Updated: June 4, 2015 3:54:56 pm
Spurred by Prime Minister Narendra Modi’s call to ‘Make in India’, most Indian mobile phone ‘manufacturers’, who make the bulk of their phones in China, as well as their multinational rivals, have been talking about moving their assembly lines to India.
Micromax subsidiary Yu Televentures has announced that the next batch of its phones will be made in India, while Lava’s Xolo has announced a new sub-brand called Black, to be made at their facilities here. Even bigger players like Samsung have joined in — the Korean major has announced that its flagship Galaxy S6 phones would soon be assembled in India. The Chinese companies have not been left behind — Oppo has announced it is setting up a manufacturing facility in India. And newer players like Coolpad and Phicomm are talking about Make in India.
Why the rush to Make in India? Is it patriotism, at least for the Indian companies? But some sound economics is involved as well.
The primary attempt is to benefit from a duty structure that is favourable to those manufacturing or assembling in India. Anshul Gupta, Research Director at the US research and advisory firm Gartner Inc., says there are massive differences in duties when these companies import a finished product, rather than merely a component. While a smartphone attracts a duty of around 12.5 per cent, its components can be imported at just 1 per cent. Mobile manufacturing companies, according to Gupta, are trying to take advantage of this massive skew in the duty structure — “it makes sense for them to assemble in India”.
Apart from the difference in duty, India is still in a growth phase, and will offer the volumes that are able to justify investment in a manufacturing or assembly unit here. According to Pankaj Mohindroo, National President, Indian Cellular Association (ICA), in value terms, the handset industry grew to Rs 75,000 crore by the end of 2014, registering a compound annual growth rate, or CAGR, of 28 per cent.
This figure could touch Rs 1,00,000 crore by the end of his fiscal. Out of this, the smartphone market is 25 per cent in volume, but three times that in value. The potential for growth is huge — plus, the companies are looking at India as the base to feed the growing demand from the rest of South Asia.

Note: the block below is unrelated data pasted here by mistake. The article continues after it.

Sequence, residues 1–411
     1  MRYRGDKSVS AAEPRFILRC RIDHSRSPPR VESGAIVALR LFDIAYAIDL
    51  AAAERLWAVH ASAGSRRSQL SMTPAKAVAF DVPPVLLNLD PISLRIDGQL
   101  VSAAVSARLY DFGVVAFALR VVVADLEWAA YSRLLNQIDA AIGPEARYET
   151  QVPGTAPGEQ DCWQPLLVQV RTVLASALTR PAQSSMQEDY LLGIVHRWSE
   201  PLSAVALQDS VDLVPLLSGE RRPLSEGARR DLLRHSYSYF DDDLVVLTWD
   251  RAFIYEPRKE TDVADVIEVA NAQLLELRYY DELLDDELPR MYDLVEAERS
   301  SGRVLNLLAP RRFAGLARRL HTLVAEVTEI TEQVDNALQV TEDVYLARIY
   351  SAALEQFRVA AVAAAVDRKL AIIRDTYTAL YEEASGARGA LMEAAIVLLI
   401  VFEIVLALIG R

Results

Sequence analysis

There are other advantages attached to the government’s manufacturing push. According to Mohindroo, there are incentives like cashback on investments in this sector, and tax exemptions along with preference for domestically manufactured electronics products for government procurements. All good enough for the companies to be more than interested.
However, there are still many obstacles like the high VAT rate on mobile handsets and accessories in various jurisdictions, and the lack of export benefits. Plus, the ecosystem of semiconductor fabs, component suppliers and design houses is still missing, and till that happens, the companies will be just assembling components that they ship in paying lower duties. Gupta sees the near future in this sector as a mix of imports from China and locally procured components.
A concern manufacturers have is about the potential surge in demand for a product manufactured in India, as they will not be able to scale up as they would with plants in China.
“We will always have our Chinese facilities on standby for an eventuality like this,” said Vishal Sehgal, co-founder, LAVA International. But Phicomm CEO Zheng Min says he has seen things improve over the past couple years, and the company now has a vision of setting up an end-to-end ecosystem in India, though without a specific timeframe. “We think it is possible if the supply chain environment and labour policies are good,” Zheng has said.
So, of course, behind the rush to Make in India lies a clear advantage for manufacturers. But it remains to be seen if this will be beneficial to Indian customers. The difference in duties will bring in some cost advantages which, if passed on to buyers, could make the phones cheaper.
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